Ghadir Ghadir, a Palestinian feminist activist, helped
organize volunteer drivers to get out the Bedouin women's vote. Many Bedouin
women face political, logistical and cultural obstacles that prevent them from
voting. Credit: Eetta Prince-Gibson/The World
Jewish and Arab Women Unite To Defy Bedouin Voter
Suppression in Israeli Election
'Islam Is Right about Women': Odd Signs Spark
Confusion in Winchester
Bahrain Torturing Women in Detention
Assam: Police Strip, Torture 3 Muslim Women,
Pregnant Woman Loses Baby
A Muslim Woman Comic Walks Into a Bar: Changing Perceptions
Karnataka Woman Gets Triple Talaq Over WhatsApp from
Dubai, Files Complaint
Photo Fest To Feature Arab News Series On Saudi Female
Israeli Police Shoot Palestinian Woman, Saying she
Tried to Stab them
by New Age Islam News Bureau
Urge Malaysian Govt to Follow Indonesia's Move by Prohibiting Child Marriages
LUMPUR: Local non-governmental organisations (NG0s) are urging the authorities
to adopt effective measures to raise the minimum age for marriage, following
Indonesia’s decision to set it at 19 to curb child brides.
rights advocate and secretary-general of the Society for the Promotion of Human
Rights, Ivy Josiah, said the education aspect on the issue should begin as soon
is without question that we should raise the minimum of age marriage to 18 for
girls. At the same time, there must be a sustained public education strategy to
reach out to parents, girls and communities on the rights of children, the
pitfalls of child marriages and the inadmissibility of culture as a social
Aid Organisation (WAO) said while some states had raised the minimum age of
marriage, chief ministers and Syariah courts could still allow child marriages
to take place.
and girls are not ready for marriage. Such responsibility could be detrimental
to children’s mental and physical health, education, future economic prospects
and overall wellbeing,” said WAO’s head of outreach and capacity development
Melissa Mohd Akhir.
government should announce a timeline for when it plans to prohibit child
marriage, in accordance with the Convention on the Rights of the Child (CRC)
and the Convention on the Elimination of All Forms of Discrimination Against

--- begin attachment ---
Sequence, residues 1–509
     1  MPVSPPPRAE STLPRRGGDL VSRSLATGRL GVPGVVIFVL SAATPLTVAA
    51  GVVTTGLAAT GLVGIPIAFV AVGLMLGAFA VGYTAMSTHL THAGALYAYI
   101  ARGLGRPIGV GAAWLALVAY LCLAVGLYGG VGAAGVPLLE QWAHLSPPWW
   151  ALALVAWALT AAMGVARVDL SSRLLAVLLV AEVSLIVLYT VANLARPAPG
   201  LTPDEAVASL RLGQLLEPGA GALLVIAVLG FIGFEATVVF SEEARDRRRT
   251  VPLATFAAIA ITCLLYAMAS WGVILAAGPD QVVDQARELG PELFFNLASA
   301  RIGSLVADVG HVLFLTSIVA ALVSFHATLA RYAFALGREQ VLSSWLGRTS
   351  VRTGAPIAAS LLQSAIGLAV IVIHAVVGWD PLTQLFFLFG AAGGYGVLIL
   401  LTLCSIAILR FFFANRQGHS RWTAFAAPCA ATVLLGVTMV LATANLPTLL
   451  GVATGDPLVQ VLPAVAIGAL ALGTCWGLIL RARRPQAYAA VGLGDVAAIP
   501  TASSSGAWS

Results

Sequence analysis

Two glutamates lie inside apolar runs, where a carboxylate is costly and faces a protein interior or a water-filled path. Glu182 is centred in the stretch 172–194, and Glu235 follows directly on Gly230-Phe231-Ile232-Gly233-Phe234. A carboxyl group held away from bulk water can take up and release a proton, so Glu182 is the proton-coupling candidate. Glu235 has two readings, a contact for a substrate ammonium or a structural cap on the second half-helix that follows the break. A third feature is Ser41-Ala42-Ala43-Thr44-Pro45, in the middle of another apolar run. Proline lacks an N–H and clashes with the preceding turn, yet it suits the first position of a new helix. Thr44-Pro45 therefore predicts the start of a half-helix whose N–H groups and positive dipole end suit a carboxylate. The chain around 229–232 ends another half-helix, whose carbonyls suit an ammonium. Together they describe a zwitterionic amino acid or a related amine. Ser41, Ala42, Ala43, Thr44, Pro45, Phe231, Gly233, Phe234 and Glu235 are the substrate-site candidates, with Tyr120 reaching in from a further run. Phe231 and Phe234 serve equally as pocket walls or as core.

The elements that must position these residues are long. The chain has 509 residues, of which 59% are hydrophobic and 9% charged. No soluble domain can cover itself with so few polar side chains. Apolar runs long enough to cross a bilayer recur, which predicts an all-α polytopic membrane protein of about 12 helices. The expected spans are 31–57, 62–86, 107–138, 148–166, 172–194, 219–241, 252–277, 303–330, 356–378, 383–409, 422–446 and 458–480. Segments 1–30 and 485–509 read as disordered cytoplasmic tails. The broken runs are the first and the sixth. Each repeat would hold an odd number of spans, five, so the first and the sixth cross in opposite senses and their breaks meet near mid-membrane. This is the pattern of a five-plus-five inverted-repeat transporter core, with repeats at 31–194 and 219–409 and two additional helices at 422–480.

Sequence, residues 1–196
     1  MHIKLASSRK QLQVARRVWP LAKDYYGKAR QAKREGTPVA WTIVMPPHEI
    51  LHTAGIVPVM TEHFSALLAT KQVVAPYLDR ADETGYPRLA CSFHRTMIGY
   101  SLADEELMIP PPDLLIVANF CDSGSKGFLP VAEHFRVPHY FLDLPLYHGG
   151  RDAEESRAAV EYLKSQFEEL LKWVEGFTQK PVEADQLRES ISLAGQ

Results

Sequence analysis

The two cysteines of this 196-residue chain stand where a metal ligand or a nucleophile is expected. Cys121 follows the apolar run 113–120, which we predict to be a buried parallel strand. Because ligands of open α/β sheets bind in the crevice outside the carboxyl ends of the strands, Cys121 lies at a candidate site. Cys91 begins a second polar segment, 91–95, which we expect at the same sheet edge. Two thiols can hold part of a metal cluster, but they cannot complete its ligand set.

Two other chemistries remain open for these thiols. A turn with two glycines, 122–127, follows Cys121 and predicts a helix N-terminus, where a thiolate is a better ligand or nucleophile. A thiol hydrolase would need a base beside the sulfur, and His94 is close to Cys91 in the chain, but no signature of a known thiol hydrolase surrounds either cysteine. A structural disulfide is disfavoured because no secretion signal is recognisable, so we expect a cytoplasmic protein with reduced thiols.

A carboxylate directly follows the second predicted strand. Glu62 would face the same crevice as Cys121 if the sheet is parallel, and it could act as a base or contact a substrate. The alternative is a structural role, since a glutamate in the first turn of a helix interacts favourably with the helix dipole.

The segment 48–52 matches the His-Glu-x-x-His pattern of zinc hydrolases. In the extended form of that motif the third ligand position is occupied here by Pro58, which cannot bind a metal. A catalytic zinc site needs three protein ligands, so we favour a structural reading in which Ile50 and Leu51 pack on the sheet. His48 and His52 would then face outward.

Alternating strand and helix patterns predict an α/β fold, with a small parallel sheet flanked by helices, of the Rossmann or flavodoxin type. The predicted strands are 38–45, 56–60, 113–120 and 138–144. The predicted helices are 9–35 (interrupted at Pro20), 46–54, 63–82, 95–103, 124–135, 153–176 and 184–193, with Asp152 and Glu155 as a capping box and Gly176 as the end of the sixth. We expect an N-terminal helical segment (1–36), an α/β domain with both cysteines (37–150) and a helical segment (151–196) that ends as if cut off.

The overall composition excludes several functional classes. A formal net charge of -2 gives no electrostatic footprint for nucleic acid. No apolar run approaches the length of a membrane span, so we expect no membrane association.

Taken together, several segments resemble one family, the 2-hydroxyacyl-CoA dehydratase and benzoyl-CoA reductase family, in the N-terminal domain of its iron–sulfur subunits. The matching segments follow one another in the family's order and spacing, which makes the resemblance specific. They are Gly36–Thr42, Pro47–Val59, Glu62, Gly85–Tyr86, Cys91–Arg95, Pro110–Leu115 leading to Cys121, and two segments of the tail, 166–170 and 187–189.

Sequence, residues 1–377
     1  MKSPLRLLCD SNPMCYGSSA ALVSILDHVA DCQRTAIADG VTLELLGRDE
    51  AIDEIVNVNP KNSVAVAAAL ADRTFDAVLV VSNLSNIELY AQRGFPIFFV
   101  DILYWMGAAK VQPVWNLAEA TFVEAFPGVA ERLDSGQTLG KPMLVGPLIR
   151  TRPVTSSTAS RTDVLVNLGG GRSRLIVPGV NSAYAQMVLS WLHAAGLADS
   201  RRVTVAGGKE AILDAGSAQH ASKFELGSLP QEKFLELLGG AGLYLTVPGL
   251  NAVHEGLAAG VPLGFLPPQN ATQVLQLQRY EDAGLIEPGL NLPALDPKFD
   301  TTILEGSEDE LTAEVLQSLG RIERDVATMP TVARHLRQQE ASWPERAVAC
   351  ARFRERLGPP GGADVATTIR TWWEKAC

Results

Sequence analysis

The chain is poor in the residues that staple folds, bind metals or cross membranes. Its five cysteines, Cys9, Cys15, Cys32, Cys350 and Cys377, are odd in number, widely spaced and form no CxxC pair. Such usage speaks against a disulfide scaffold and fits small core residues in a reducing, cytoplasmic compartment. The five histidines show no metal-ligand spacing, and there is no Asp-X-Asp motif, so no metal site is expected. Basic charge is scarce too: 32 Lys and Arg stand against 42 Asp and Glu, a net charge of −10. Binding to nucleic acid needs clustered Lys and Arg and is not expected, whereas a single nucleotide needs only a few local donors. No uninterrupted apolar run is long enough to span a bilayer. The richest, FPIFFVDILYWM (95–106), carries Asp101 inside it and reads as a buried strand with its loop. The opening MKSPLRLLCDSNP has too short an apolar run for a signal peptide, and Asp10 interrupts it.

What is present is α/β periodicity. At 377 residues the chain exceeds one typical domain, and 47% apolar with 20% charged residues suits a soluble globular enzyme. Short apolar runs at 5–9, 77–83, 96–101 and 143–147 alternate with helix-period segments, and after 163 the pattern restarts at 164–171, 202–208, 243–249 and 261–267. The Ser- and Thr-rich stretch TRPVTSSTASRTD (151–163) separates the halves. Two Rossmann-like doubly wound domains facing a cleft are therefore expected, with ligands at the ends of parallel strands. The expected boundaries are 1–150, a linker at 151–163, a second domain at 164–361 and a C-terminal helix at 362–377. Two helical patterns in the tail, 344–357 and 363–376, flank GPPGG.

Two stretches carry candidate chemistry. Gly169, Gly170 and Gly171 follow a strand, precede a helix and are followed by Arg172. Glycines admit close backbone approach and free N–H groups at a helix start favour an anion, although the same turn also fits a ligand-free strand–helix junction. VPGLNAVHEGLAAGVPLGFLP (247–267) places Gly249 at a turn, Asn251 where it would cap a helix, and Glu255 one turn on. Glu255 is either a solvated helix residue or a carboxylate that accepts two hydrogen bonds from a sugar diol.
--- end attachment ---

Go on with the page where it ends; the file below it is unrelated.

Women (CEDAW) that Malaysia has ratified.
Indonesia can change its laws to prohibit child marriage, why not us?”
urged the government to take extra measures to combat poverty, such as the
introduction of compulsory secondary education and effective social programmes.
also urged the government to commit to a timeline to enact a uniform minimum
age of marriage in the country without exceptions.
in Islam (SIS) communication manager Majidah Hashim said schools were not
equipped with facilities to handle emotional, social and physical needs of
underaged pregnancies as a result of marriages, forcing many girls to stop
fact that child marriage is still legal contributes to these statistics. Most
states in Malaysia have yet to take concrete steps to end child marriage in
their states despite a directive issued by our Prime Minister (Tun Dr Mahathir
Mohamad) last year.
intents and efforts have been shown in states such as Selangor, Penang and
Sabah, but until today, none of the states in Malaysia has raised the age of
marriage to 18 for all children in the states, with no exceptions.”
said there was a lack of programmes aimed at the grassroots level to curb child
is unfair that issues pertaining to children have become accessory to political
ambitions, more so considering that Malaysia plans to submit its first CRC
report next year.
need active, concerted and collaborative steps to make meaningful, and not
cosmetic, reforms to our education systems.
the same time, we need to remove physical, social and psychological barriers
that stand in the way of children to achieve their fullest potential.”
Women, Family, and Community Development Minister Hannah Yeoh in late July last
year announced that 14,999 child marriages have been recorded between 2007 and
2017, with Sarawak having the highest number of registered child marriages.
Rights Coalition Malaysia reported in 2009 that 32 children under the age of
10, 447 children between 10 and 14, and 8,726 children in the 15 to 19 age
group had undergone pre-marital HIV tests.
July last year, a 41-year-old man from Gua Musang married an 11-year-old girl
September the same year, a 44-year-old man in Tumpat took a 15-year-old girl as
his second wife with the approval from the Syariah Court.
Law Reform (Marriage and Divorce) Act 1976 puts the minimum age for marriage at
18 but girls can marry at 16 after obtaining a licence from their state’s chief
minister or menteri besar.
under 16 are not allowed to get married. In addition, the law makes it
compulsory for either party who have not reached the age of 21 to seek
permission to marry from their parents.
the Islamic Family Law sets a minimum age of 18 for boys and 16 for girls.
However, those under the legal age can seek permission to marry from the
and Arab Women Unite To Defy Bedouin Voter Suppression in Israeli Election
Israeli election day, scores of women volunteers crisscrossed the dusty roads
of Israel's southern Negev desert, using their own cars and gas, to bring